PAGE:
Lawless village displays long disdain for outsiders

FOREIGN CLOSEUP

February 01, 1994|By Ginger Thompson | Ginger Thompson,Mexico City Bureau of The Sun

SAN JUAN CHAMULA, Mexico -- A walk through this village is as close as one can get to stepping into ancient Mayan society. But be warned: Chamulans like a good fight and they do not like visitors.

"Parents in other villages discipline their children by telling them, 'If you are bad, the Chamulans will come take you away,' " says Andrew Mutter, an anthropologist who studies Mayan culture.

There are no police in Chamula. Disputes are settled violently. Over the last few months, many Chamulans eagerly joined the Zapatista Army for National Liberation. The rebels began their war against the Mexican government on New Year's Day and vowed to fight as long as necessary to secure a more prosperous future for Indians in the southern state of Chiapas.

However, for years, the Chamulans have fought to save the traditions and beliefs of their past. Several years ago, a group of European tourists were killed in Chamula because they took photographs inside the Chamulans' main cathedral.

Anthropologists explain that the Chamulans believe when a camera flashes, it is stealing spirits.

Some 28,000 people live in wood huts in the hills surrounding the town square. Most of them grow corn and beans on small plots of land. The farmers speak mostly Tzotzil, a Mayan dialect, instead of Spanish.

They all wear the same colors, sort of a uniform that tells others where they are from. The women wear black cloth wrapped like skirts around their waists and blue shawls over their shoulders, while the men wear black wool ponchos and straw hats.

Women do not wear shoes because the Mayans believe they came from the earth and should always have direct contact with it. Men wear leather sandals.

Instead of modern medicine, many Chamulans submit to medicine men called "curanderos" who often get rid of infections by bleeding the patient.

Women rarely speak in public, unless it is to sell a visitor hair ribbons or bracelets of woven wool thread.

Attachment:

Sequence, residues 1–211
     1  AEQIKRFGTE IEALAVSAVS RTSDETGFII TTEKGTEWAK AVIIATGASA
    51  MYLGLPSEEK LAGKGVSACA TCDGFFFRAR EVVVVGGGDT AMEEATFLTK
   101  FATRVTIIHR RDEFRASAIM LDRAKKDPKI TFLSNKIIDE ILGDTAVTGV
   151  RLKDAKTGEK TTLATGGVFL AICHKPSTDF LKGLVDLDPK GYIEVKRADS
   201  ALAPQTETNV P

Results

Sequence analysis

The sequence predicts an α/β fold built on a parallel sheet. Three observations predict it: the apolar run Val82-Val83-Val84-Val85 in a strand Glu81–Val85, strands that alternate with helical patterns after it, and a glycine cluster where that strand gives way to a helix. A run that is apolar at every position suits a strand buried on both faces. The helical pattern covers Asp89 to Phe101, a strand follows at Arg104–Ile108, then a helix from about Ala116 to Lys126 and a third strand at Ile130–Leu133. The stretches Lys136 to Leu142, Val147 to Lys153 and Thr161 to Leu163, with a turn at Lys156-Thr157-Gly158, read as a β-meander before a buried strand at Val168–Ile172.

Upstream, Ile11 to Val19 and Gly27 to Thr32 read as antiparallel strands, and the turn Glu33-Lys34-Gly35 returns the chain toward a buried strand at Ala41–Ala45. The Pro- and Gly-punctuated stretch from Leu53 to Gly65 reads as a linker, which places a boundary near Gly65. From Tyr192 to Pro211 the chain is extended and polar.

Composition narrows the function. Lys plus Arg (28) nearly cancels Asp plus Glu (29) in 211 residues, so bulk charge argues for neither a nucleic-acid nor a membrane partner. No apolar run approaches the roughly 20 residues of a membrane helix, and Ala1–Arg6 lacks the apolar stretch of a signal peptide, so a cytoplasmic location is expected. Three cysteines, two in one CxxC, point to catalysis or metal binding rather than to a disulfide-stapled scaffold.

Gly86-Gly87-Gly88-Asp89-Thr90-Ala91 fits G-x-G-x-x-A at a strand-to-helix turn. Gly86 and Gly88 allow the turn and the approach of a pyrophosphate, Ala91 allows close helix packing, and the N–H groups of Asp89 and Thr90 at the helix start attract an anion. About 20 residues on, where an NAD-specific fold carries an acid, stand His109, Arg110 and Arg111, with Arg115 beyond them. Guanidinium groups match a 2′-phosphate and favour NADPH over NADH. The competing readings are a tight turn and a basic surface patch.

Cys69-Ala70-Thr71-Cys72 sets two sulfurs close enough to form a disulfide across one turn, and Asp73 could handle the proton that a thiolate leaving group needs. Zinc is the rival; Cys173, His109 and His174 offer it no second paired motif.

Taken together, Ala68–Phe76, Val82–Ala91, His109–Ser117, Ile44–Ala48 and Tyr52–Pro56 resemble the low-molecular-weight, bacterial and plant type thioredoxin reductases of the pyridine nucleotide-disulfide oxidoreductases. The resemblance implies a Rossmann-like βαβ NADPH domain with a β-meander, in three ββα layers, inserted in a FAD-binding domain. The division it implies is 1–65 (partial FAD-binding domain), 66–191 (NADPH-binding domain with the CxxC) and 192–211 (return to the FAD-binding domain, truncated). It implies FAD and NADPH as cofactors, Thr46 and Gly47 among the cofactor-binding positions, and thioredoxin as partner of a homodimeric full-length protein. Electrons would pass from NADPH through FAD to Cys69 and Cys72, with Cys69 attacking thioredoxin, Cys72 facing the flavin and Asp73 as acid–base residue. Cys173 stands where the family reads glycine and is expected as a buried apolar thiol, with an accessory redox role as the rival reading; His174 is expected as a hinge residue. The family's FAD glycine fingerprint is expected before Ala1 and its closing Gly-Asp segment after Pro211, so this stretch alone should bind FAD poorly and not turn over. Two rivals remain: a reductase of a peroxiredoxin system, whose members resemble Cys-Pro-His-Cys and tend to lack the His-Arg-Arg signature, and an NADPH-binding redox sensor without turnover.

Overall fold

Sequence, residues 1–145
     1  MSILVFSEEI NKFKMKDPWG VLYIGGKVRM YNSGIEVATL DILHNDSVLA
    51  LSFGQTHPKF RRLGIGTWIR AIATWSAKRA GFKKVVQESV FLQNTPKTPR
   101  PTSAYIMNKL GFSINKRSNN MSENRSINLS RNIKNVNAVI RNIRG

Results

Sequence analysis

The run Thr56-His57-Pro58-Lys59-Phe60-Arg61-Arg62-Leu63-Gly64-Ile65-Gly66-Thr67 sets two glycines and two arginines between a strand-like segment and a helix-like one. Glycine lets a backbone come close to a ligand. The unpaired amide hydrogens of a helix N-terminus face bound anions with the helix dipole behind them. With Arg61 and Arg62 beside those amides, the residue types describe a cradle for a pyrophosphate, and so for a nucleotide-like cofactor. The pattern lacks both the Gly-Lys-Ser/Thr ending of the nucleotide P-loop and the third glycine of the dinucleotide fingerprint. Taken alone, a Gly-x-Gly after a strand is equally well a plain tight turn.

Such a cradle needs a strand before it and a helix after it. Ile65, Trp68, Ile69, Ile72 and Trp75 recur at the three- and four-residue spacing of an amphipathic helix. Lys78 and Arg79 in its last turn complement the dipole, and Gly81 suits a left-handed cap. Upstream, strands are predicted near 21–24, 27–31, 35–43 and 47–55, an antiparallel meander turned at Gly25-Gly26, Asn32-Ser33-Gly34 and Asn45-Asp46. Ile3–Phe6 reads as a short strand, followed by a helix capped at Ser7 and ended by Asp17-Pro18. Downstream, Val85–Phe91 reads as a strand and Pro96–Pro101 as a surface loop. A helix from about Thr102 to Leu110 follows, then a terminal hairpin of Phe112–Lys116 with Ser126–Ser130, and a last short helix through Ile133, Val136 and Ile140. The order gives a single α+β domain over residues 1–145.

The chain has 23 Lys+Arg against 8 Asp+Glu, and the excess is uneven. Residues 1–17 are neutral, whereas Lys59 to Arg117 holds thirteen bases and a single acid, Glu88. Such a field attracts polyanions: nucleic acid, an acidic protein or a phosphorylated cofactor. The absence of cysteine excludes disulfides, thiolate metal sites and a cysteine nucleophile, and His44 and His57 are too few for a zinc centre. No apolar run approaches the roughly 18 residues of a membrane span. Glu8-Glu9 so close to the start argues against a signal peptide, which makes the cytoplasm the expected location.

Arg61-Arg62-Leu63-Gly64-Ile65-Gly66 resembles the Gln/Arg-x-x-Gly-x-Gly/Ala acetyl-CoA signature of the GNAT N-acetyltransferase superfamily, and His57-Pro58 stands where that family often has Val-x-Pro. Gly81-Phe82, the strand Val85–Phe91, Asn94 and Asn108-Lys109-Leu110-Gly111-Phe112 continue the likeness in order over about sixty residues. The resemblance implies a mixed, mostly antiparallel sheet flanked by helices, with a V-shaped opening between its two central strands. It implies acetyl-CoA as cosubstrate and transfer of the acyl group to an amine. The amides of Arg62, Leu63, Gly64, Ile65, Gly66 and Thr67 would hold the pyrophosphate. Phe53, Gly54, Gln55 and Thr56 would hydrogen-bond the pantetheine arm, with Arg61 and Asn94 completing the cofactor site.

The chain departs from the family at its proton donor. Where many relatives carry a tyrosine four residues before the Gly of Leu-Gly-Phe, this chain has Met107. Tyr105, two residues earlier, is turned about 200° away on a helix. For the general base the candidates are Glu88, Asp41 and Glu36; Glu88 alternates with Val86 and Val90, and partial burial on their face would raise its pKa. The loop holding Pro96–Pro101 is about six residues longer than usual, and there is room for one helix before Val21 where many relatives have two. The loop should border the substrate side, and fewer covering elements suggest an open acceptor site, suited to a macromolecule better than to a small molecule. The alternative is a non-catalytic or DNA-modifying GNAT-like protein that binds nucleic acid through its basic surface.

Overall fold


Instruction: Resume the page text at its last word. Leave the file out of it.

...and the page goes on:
Chamulan families raise chickens to eat; sheep are raised to provide wool for their clothing.

After dark, the men gulp down a sugary liquor, called posh, and stumble through the square. It is a barren, austere plaza of concrete, with the church on one side, the mayor's office on another, and a school and several flat concrete huts on the other two sides.

Their cathedral, a plain white structure, dominates the plaza and is the center of activity. Almost every day there are families who go there to worship, practicing a mixture of Roman Catholic and Mayan rituals.

The families enter the church carrying bundles of thin candles and bottles of posh. Pews have been stacked by the back wall of the church because worshipers prefer to squat on straw that is scattered on the green tile floors.

A candle is lighted for every favor they are going to ask from God. And then, to enter a state in which they can communicate with God, they share glasses of posh. Everyone from the youngest to the oldest member of the family participates.

Drunk, they mumble prayers, cry over their hardships or pass out.

The crosses in the church and around the central plaza all have tree branches attached. The Mayans believed the cross was a tree of life, Mr. Mutter explained. So they attach branches to it to make it look more like a tree.

To keep their religion pure, village leaders have organized expulsions of their neighbors who become Protestant. Anthropologists say one of the reasons for the evictions is that the Protestants threaten to infect the village with new ways of thought and behavior.

Chamulans believe they exist to keep alive the tribal traditions.

"They relate to their past more than to their future," Mr. Mutter said. "We often think about what people might want in their future, but Chamulans do not think about tomorrow.

"And it's not because they are mindless," he adds. "It is because they are different."

Understanding the way these people think will be critical if the Mexican government hopes to find a peaceful solution to the rebel uprising in which more than 200 people have been killed.

"There is no doubt that this is a Mayan uprising," Mr. Mutter said. "If government officials try to ignore that, then they miss the point and they will never find solutions."

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